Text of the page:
Permissible Questions to Ask about Job Applicant’s Immigration Status

July 7, 2016 | Appeals | Commercial Litigation | Corporate

The Office of Special Counsel for Immigration-related Unfair Employment Practices (“OSC”) at the U.S. Department of Justice recently issued Technical Assistance Letter (“TAL”) regarding employer compliance with the anti-discrimination provision of the Immigration and Nationality Act (“INA”).  The OSC concluded that an employer does not violate anti-discrimination laws by 1) refusing to hire all applicants who require visa sponsorship without violating anti-discrimination laws or 2) preferring certain classes of nonimmigrant visa holders, such as OPT students eligible for a 24-month extension, over other classes of nonimmigrant visa holders.

The OSC was asked whether the following questions were permissible during a job interview:

  • Will you require sponsorship (e.g. H-1B visa status) to work legally in the United States?
  • Do you currently hold Optional Practical Training (“OPT”)?
  • If you hold OPT, are you eligible for a 24-month extension of your OPT based upon a degree from a qualifying U.S. institution in Science, Technology, Engineering, or Mathematics (“STEM”)?

The OSC explained that the INA prohibits, among other practices, discrimination in hiring, firing or recruiting based on national origin, citizenship or immigration status.  According to the OSC, the prohibition against citizenship discrimination protects U.S. citizens, as well as U.S. nationals, refugees, asylees and recent lawful permanent residents.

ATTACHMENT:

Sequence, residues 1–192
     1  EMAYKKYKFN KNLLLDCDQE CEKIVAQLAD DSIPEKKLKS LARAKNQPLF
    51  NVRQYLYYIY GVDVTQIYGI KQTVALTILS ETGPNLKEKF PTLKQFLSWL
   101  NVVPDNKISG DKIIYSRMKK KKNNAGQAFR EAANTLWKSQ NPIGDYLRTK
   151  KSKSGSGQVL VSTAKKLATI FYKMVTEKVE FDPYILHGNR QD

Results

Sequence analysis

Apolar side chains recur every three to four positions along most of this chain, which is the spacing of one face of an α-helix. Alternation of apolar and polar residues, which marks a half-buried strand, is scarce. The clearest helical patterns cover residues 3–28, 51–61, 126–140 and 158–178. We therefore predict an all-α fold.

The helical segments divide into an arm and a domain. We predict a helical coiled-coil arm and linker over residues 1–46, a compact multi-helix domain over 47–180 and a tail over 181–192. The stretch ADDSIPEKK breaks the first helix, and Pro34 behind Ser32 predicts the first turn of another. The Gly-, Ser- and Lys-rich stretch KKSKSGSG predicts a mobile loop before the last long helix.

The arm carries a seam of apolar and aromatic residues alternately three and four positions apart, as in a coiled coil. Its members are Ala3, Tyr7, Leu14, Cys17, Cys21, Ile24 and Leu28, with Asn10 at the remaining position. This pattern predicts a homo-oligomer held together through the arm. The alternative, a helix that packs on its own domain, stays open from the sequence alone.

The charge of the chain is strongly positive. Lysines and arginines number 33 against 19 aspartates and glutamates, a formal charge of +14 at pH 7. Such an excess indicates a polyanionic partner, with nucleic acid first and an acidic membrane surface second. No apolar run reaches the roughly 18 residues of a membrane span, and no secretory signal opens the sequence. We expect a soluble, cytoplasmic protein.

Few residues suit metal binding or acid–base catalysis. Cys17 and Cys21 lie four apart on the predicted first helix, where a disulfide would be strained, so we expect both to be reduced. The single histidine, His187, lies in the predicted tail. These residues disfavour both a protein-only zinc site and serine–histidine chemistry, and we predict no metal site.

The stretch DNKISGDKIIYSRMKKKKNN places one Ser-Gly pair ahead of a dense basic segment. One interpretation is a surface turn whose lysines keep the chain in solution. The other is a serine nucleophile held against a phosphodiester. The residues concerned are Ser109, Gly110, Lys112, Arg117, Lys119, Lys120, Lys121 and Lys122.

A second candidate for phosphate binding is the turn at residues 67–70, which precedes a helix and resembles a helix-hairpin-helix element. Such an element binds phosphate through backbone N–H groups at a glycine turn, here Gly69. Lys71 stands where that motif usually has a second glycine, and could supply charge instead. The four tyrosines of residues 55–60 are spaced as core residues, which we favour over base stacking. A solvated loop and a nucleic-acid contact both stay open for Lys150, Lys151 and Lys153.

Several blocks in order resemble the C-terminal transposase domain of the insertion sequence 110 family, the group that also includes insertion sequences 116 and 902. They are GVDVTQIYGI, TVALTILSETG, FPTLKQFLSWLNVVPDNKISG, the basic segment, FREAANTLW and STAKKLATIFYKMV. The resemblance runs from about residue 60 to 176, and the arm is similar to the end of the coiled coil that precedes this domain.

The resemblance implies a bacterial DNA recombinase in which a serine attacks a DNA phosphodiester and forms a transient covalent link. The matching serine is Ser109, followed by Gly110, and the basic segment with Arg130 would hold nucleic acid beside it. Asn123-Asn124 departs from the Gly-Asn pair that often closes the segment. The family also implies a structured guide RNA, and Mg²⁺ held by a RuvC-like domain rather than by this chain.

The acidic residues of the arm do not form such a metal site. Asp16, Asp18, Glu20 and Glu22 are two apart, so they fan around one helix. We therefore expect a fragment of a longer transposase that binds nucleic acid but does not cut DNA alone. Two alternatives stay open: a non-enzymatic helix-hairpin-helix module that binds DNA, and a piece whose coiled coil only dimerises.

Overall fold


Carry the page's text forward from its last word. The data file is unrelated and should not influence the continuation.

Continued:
Applying these principles, the OSC advised that an employer can refuse to hire all applicants who require visa sponsorship without violating anti-discrimination laws. An employer can also prefer certain classes of nonimmigrant visa holders, such as STEM OPT students, over other classes of nonimmigrant visa holders without violating anti-discrimination laws.

The OSC nevertheless opined that questions about an applicant’s immigration or citizenship status can deter protected individuals, such as refugees, from applying.  Accordingly, the OSC cautioned against asking “detailed questions” pertaining to an applicant’s immigration status.  The OSC further cautioned that all individuals authorized to work are protected against national origin discrimination.

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